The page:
La Caricom debate la unidad para combatir el cambio climático y el crimen organizado

La unión del Caribe, centro del debate en Caricom

La unión de la Comunidad del Caribe (Caricom) fue uno de los ejes centrales de la reunión de esta organización que sesionó ayer en el Hotel Marriot de Puerto Príncipe.

En la cita, que concluye este martes en la capital haitiana, Irwin LaRocque, secretario general de Caricom, enfatizó la necesidad de contrarrestar la amenaza del crimen y la violencia, de la misma manera que se aúnan fuerzas para combatir los efectos del cambio climático.

Durante su intervención LaRocque lamentó la pérdida de vidas humanas, lesiones y el trauma que experimentaron las familias víctimas de la violencia.

‘Es dentro de ese círculo que la batalla contra el flagelo debe comenzar’, dijo.

Desde el 2007 Caricom hizo de la seguridad uno de sus pilares y el Consejo Ministerial para la Seguridad Nacional y la Aplicación de la Ley supervisa la arquitectura de este apartado, coordinado por la Agencia de Implementación de la Caricom para el Delito y la Seguridad.

En este sentido, LaRocque sugirió revisar las estrategias firmadas hace cinco años justamente en Haití e indicó instrumentos jurídicos como el Tratado de Orden de Arresto del Caricom y el Acuerdo de Devolución o Intercambio de Activos Recuperados, ambos a la espera de ser ratificados.

El secretario general señaló, además, que estaban trabajando en una estrategia contra el terrorismo, y advirtió la vulnerabilidad de la región.

‘Un acto de terrorismo o extremismo violento en un Estado miembro resonará y tendrá repercusiones en nuestra región’, dijo.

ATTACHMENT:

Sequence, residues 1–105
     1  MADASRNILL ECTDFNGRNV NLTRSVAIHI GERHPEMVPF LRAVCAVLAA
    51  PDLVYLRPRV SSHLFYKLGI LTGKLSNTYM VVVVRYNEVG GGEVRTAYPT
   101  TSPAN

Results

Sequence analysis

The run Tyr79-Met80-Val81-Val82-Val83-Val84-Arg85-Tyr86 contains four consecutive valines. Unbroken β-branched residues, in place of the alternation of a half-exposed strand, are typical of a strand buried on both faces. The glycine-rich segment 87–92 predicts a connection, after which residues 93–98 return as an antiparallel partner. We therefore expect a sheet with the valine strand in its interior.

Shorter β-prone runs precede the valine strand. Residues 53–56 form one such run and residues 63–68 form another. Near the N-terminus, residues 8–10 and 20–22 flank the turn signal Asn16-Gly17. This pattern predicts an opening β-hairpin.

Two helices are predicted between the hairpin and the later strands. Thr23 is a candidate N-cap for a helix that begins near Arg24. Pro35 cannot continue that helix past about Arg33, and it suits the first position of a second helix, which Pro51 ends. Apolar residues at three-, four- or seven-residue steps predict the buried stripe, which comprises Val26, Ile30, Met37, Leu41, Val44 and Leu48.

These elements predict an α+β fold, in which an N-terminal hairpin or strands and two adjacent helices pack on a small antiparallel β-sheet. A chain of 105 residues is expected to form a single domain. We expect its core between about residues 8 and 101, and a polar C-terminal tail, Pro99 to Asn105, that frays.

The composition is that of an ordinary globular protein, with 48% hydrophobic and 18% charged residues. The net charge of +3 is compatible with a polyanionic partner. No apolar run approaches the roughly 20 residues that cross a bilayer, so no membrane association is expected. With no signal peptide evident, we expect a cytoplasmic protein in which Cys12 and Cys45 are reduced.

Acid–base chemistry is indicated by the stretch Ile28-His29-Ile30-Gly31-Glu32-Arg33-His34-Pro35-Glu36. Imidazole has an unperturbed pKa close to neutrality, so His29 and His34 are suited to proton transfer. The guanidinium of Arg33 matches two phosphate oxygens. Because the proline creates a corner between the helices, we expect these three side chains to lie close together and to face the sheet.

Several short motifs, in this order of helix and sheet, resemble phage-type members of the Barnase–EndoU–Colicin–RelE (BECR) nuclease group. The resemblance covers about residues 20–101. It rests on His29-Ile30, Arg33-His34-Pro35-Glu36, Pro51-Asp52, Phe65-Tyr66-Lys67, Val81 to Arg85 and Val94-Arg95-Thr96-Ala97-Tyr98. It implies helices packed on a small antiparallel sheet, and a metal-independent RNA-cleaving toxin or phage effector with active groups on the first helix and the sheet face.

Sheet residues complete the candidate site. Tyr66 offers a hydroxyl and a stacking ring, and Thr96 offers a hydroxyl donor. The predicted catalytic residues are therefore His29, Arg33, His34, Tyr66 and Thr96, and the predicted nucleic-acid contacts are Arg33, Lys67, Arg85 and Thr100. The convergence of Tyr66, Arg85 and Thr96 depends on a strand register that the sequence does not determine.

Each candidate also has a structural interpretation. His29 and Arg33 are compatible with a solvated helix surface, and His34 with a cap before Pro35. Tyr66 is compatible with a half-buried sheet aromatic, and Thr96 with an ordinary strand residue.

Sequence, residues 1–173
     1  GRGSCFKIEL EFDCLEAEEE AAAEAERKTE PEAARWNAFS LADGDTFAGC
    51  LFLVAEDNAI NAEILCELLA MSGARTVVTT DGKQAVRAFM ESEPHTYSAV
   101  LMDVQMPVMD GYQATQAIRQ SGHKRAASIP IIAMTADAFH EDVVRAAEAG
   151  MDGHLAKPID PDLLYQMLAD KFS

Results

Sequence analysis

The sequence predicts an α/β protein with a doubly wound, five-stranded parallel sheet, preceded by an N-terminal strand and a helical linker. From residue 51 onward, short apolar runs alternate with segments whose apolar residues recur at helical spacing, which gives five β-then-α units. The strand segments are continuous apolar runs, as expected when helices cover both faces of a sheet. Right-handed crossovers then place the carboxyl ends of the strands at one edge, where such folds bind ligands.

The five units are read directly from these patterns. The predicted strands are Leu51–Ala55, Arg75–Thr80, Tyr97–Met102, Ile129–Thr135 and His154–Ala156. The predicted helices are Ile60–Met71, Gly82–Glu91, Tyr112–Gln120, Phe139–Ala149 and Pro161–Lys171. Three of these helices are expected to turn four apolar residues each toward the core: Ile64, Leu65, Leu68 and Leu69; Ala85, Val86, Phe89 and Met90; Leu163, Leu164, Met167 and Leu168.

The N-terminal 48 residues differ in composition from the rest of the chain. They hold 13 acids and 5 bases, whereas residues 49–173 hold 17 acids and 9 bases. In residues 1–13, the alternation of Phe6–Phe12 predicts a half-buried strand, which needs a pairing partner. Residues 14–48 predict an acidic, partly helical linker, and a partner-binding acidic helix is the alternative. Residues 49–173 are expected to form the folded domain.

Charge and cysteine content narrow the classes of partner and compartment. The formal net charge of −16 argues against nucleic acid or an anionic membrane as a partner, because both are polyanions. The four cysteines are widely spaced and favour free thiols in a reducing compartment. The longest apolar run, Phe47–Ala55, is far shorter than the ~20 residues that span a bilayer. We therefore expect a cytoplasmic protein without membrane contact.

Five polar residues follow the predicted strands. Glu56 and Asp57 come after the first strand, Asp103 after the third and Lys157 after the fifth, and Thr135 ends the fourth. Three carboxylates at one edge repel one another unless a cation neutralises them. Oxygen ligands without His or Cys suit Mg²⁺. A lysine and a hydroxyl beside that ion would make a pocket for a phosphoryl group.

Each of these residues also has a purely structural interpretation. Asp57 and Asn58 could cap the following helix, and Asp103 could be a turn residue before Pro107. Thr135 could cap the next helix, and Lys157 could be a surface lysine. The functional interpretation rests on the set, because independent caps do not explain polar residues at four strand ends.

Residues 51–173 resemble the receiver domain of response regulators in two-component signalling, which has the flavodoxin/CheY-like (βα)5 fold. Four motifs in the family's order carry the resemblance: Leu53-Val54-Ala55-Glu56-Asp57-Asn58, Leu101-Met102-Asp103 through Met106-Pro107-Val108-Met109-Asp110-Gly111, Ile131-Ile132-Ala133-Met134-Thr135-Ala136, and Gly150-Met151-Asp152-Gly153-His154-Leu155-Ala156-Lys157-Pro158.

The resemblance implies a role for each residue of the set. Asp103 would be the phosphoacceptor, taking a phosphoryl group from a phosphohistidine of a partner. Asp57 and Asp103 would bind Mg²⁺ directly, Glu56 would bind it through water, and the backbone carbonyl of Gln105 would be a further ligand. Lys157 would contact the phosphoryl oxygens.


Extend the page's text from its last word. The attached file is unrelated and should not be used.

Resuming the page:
A puertas cerradas, la agenda de la reunión del Caricom en Haití promete abordar otras temáticas como la interconexión de los estados miembros, la formación de un mercado y economía únicas y la trasparencia fiscal en la región.

El evento continuará este martes y reúne en la nación caribeña a 15 jefes de Estado y representantes de tres países asociados.

Prensa Latina


Concluye hoy en Haití reunión de Caricom

Asegurar la integración y dejar como legado una Comunidad del Caribe más fuerte es uno de los objetivos del mandatario de Haití, Jovenel Moise, presidente pro tempore de Caricom, organismo que concluye hoy sus sesiones en esta capital.

La cita, que busca crear una región resiliente para enfrentar el cambio climático en 2018, debate además sobre la ampliación de la política comunitaria, las relaciones fronterizas entre algunos de sus países y el desarrollo del turismo.

En su discurso inaugural, Irwin LaRocque, secretario general de Caricom, hizo hincapié en la necesidad de formular estrategias efectivas que disminuyan el crimen y la violencia, principal flagelo que afecta a las familias y terminan con la vida de muchos seres humanos.

De igual manera se reiteró la importancia de extender los lazos comerciales y de cooperación, así como la unidad regional como eje para la gestión de riesgos y desastres.

El transporte y libre circulación en el Caribe, el mercado y la economía únicos y la lucha contra el terrorismo, son otras temáticas del encuentro que cierra sus puertas este martes en la capital haitiana.